Wednesday, February 25, 2015

Main Street Attic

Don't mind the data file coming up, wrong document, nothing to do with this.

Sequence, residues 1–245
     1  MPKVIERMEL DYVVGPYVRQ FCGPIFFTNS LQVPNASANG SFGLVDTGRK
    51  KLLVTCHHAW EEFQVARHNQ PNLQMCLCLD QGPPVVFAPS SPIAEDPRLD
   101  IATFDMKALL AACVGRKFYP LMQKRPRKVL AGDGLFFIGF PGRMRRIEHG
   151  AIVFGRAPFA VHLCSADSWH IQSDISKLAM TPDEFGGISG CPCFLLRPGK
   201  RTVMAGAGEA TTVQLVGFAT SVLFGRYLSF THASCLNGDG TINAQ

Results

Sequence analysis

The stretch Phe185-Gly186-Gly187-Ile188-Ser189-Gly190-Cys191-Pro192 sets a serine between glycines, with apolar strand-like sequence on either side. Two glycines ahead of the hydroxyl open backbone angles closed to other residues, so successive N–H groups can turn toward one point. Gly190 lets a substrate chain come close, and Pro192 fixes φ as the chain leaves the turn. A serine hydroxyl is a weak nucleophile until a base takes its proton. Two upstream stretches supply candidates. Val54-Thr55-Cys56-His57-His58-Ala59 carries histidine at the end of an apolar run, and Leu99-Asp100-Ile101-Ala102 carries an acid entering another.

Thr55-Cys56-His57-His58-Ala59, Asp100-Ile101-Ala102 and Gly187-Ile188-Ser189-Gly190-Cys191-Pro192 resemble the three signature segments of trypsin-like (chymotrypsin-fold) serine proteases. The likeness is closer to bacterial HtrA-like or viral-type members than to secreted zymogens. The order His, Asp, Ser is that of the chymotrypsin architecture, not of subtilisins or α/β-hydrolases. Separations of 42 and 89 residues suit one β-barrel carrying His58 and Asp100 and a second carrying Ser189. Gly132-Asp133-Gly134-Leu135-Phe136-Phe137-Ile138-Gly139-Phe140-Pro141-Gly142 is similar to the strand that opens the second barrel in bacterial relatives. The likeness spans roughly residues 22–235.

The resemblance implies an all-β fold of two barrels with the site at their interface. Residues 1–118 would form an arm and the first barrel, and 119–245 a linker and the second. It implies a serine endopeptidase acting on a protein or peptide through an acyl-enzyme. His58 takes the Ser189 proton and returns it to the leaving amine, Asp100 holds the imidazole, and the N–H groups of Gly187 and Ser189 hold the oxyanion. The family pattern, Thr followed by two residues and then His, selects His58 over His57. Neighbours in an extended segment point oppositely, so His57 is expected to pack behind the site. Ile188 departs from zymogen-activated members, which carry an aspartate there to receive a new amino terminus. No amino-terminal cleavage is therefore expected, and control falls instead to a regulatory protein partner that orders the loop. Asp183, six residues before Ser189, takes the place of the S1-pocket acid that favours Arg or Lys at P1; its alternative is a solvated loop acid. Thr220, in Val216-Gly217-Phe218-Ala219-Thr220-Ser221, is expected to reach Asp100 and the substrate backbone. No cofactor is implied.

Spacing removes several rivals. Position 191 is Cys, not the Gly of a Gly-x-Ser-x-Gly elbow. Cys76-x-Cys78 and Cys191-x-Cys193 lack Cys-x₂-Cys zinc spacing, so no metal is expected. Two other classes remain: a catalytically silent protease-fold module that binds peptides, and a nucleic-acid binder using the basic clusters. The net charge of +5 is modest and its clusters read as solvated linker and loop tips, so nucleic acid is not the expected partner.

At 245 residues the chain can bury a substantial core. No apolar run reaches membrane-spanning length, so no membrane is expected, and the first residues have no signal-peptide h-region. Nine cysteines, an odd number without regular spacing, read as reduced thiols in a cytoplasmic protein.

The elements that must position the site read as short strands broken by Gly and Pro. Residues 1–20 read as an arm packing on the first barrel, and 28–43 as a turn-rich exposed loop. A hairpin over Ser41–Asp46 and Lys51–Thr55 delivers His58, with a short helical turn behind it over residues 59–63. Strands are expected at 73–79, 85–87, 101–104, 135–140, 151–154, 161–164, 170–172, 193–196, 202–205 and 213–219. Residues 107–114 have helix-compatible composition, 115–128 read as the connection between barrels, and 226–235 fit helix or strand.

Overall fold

I am gearing up to write about all these Main Streets I've visited. Jake Izenberg and I are finishing up a paper about the model we've developed. I've launched a project to make a design sketchbook of the key ideas. And I've updated the list of cities I've visited -- there are 105 that have informed my thinking up to this point. I hope to visit Japan, Austria and South Africa in the course of this year and that will add immeasurably to what I know. Part of this assemblage has been to do with reviewing the thousands of photos I've taken and pulling out those that mean the most to me. Given this selection criterion, it is possibly just my taste in Main Street stuff, but I was thinking this morning that Main Streets are a lot like an attic, filled with stuff we might not use but don't want to throw away. I usually think of an attic as some place out of sight, out of mind. Once I put some boxes in an attic in Berkeley, then inadvertently forgot them when insulation was blown in. They are possibly still there. Main Street is not out of mind, except in that way that we stop seeing places to which we're accustomed. We don't necessarily think about the old stuff, unless somebody messes with it. It is horrible when they do. A building owner got the idea that the gargoyles on her building were bringing her bad luck so she chopped them off. I was stunned and horrified -- but ask me the last time I'd thought about the gargoyles or even if I ever thought about it. (I don't think I ever did.) Going to Main Street and seeing the ghost signs, and fading window decorations, the old stone work -- these things anchor us in space and time. I met a woman the other day whose family had owned Moskin's Pharmacy -- they have a wonderful sign that I love to see each time I'm on Palisades Avenue in Englewood. It's not just the familiarity of that sign, but that the style of the sign reminds me of all the signs on all the buildings when I was growing up. It is a part of the signage of my life. There are lions of all sizes on Main Streets all over the world. And not only lions but other cats as well. Why so many? I have no idea. But lions and Main Street go together. I mean, you don't see pandas or rhinoceri on Main Streets, do you? Sonia Sanchez has a book of poetry that has the title, "My house has lions, does yours?" I love that title and eponymous poem. My babysitter had two lions flanking her stairs and I take such comfort from seeing lions. So lions are stored all over Main Streets. When we touch something on Main Street -- whether we like it or we don't -- we ought to have in mind that this is a FAMILY attic -- and the thing we might want to throw out is dear to someone else -- good to check, and not to just chuck it as useless clutter.

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